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Absolute steal for the Rockets. The 18th pick in the draft is (historically!) an excellent place to find talent -- in the last five drafts, teams snagged Chris Singleton (promising defensive piece for the Wizards), Eric Bledsoe (the Clippers' 3rd best player on their 2nd best team of all-time), Ty Lawson (one of the preeminent BAMFs in today's NBA), JaVale McGee (planking master), and Marco Bellinelli (extremely sonorous last name, best Marco in the league). What did they have to give up? Not all that much! Chase Budinger is a goofy looking white dude. He plays beach volleyball, but he certainly doesn't play that much basketball for the Rockets. He played a paltry 22 minutes per game last season, and was emphatically behind Chandler Parsons on the Houston depth chart by the end of the year. He was chosen #44 in the draft -- #44! The dude doesn't even make a million dollars. Morey is a brilliant tactician, friends. Look at that. He just flipped the #44 pick in the 2009 NBA draft for the #18 pick in the 2012 NBA draft -- generally agreed to be a deeper draft.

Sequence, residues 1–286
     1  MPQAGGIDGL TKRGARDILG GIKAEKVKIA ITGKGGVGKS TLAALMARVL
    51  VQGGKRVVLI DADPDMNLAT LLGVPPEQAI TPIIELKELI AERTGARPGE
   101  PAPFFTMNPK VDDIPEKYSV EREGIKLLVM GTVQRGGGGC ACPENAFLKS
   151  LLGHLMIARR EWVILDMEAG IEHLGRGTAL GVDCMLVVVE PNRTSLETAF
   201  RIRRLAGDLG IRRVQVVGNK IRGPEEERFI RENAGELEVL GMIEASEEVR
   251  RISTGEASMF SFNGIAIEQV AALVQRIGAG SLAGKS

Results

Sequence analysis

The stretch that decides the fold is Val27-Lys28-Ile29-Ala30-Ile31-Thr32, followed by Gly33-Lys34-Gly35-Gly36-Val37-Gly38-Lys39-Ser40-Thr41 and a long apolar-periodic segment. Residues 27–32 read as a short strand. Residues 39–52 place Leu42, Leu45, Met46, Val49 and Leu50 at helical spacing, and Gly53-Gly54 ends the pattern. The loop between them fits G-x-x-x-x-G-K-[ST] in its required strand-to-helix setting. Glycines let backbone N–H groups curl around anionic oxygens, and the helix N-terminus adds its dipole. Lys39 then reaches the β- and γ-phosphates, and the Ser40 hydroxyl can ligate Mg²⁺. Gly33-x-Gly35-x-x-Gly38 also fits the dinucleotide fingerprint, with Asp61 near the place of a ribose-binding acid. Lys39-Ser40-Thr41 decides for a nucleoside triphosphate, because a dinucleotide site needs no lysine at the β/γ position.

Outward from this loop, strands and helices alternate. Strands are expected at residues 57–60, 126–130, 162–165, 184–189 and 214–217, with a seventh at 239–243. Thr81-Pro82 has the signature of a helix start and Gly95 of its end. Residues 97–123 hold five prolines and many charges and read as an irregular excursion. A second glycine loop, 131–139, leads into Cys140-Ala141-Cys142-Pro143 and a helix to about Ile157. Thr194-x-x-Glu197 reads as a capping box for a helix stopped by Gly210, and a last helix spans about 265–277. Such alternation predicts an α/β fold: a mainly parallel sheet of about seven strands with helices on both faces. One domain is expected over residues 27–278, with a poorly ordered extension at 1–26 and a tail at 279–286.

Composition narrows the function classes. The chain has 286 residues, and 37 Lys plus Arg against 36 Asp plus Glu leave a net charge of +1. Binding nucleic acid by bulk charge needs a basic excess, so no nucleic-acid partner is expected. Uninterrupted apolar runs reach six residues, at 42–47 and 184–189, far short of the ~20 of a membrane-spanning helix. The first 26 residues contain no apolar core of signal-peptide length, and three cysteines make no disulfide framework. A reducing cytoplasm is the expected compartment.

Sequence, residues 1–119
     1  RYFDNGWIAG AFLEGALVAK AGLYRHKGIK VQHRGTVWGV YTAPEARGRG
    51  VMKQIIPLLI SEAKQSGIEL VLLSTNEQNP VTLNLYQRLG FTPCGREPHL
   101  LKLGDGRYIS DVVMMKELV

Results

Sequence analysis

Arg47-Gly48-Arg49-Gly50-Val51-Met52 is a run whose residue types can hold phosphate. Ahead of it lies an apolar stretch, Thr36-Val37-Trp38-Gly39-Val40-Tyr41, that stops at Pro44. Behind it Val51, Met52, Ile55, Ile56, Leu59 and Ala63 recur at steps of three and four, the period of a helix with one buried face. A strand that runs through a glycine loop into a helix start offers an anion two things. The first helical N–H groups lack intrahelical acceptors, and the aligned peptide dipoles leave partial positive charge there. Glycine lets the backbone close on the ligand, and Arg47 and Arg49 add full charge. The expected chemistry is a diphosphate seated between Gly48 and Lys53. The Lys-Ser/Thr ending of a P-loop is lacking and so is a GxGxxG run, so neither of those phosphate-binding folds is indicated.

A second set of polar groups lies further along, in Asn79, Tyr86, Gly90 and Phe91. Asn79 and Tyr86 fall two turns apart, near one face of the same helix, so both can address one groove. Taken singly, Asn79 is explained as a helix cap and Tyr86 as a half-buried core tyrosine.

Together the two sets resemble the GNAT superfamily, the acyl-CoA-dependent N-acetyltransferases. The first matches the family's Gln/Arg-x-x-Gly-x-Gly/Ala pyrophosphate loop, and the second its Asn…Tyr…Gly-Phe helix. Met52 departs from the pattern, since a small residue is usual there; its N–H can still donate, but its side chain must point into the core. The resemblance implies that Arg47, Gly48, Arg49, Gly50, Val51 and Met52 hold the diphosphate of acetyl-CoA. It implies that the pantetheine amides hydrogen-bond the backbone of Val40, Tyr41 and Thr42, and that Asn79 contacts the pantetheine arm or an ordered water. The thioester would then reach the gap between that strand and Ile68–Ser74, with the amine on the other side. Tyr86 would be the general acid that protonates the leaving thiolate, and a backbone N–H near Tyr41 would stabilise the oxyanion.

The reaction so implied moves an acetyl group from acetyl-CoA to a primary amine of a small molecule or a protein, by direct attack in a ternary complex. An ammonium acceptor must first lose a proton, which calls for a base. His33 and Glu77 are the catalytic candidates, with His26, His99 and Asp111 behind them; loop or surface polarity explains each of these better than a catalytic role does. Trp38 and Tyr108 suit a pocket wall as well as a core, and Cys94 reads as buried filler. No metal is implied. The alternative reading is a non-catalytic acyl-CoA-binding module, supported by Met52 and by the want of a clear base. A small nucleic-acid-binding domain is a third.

Anyway, moving on. Absolute steal... for Minnesota! The 18th pick isn't really all THAT great. Look at some of the excellent, excellent work Eric Maroun has been doing at Hardwood Paroxysm this week. According to Maroun, "if a team is in the market for a below average to average foreign player or guys that end up playing in Europe once they leave the NBA, the 18th slot is the place to be." Indeed, while the last five years have been decent for the pick, historically this isn't a very great place to be. Lots of Eurostash busts, lots of roleplayers, lots of projects. And you can knock Budinger to hell -- it won't really matter, because the kid's alright. Your draft position is a lot like your college GPA once you get into the real world. Sure, it's an amusing anecdote that some people will (in passing) ask you about. But after you get your rookie scale contract, there's not a GM in the league who gives a crap where you were drafted. What matters is how you have produced, or how you CAN produce.